James Brown, Bobrisky, Jay Boogie and other Nigerian cross-dressers after it was reported that attempts to outlaw cross-dressing in Nigeria have temporarily suffered a setback.
In April, a bill was passed to prohibit cross-dressing in Nigeria with the exemption of those using it for entertainment.
The bill seeks to amend the same-sex marriage (prohibition) act of 2013 by including cross-dressing as one of the offences under the act.
With this proposed law, crossdressers now risk 6 months in prison if passed.
In a recent development, the Deputy Speaker, Idris Wase, demanded that the bill’s sponsor, Muda Lawal, withdraw the measure because his justification was insufficient.
Former Nigerian president Goodluck Jonathan signed the Same-Sex Marriage (Prohibition) Bill (SSMPA) into law on January 7, 2014. The SSMPA’s stated goal is to forbid marriages between people who share the same sex. Its reach is actually considerably wider. The law bars any same-sex sexual partners from living together and forbids the “public display of same-sex romantic relationship.”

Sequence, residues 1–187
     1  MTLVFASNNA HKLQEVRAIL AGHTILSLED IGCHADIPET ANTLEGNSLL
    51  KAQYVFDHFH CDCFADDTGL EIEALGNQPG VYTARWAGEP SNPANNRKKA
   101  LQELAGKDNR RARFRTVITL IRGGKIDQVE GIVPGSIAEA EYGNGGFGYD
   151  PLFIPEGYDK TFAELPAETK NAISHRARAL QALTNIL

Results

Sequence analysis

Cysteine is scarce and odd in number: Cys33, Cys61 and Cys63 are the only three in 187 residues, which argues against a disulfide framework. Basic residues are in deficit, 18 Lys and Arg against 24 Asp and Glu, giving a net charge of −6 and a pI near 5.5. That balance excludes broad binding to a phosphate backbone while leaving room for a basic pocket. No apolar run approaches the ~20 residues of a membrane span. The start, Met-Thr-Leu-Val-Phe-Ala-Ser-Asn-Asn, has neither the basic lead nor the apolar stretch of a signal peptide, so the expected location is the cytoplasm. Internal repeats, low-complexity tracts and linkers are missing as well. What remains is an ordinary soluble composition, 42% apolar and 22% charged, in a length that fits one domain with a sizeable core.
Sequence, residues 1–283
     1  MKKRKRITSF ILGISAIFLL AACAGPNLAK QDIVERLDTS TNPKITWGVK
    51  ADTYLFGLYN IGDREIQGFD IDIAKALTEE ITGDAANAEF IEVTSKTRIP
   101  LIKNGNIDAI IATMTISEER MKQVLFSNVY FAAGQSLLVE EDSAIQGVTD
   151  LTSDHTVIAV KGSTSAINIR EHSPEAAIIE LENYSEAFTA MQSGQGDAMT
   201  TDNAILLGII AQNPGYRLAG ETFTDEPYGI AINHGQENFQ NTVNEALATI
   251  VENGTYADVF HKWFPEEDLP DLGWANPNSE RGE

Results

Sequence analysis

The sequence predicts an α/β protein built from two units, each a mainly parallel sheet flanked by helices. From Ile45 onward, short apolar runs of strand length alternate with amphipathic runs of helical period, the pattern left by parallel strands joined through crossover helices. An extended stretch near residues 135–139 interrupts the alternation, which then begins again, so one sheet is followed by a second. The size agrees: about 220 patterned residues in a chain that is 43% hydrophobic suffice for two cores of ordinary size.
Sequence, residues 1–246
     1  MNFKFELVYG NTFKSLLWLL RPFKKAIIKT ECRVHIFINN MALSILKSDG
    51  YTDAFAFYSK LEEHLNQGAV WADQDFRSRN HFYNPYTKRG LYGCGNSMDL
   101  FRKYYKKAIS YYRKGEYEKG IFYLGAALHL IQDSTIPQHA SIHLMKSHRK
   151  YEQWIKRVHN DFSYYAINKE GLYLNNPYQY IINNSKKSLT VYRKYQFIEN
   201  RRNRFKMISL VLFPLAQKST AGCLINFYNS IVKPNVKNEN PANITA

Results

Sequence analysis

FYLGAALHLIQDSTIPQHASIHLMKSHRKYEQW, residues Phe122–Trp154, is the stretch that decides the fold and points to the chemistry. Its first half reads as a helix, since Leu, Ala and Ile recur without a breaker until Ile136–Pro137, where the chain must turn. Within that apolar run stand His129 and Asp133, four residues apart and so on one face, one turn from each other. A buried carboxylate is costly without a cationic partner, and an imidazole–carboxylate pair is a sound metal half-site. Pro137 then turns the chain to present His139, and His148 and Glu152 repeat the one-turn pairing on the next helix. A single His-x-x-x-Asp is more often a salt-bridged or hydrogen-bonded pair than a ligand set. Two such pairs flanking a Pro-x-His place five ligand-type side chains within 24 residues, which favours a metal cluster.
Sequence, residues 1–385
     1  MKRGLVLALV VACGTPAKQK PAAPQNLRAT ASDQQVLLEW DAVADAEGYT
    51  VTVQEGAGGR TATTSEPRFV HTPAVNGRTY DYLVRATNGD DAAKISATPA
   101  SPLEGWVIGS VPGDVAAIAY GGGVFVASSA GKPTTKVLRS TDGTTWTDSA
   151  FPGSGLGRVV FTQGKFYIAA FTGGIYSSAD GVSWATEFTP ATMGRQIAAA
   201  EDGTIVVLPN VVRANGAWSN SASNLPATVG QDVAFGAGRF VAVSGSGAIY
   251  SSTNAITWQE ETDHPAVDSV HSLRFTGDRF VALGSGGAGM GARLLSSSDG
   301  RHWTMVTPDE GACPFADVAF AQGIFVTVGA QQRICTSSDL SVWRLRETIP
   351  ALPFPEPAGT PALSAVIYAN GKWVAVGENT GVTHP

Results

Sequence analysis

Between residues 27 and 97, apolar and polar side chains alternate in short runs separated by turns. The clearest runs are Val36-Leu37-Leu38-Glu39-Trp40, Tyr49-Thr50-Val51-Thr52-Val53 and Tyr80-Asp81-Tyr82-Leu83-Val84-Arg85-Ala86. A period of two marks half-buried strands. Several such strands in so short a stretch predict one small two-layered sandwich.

Anyone who “registers, operates or participates in gay clubs, groups and organizations” or “supports” the operations of such organizations faces a 10-year prison sentence under the SSMPA. Penalties are harsh and can include 10 to 14 years in prison. While the criminal and penal codes from the colonial era forbade homosexual acts between people of the same sex, the SSMPA effectively criminalizes lesbian, gay, bisexual, and transgender (LGBT) people based on their sexual orientation and gender identity. Such provisions build on existing law in Nigeria but go much further.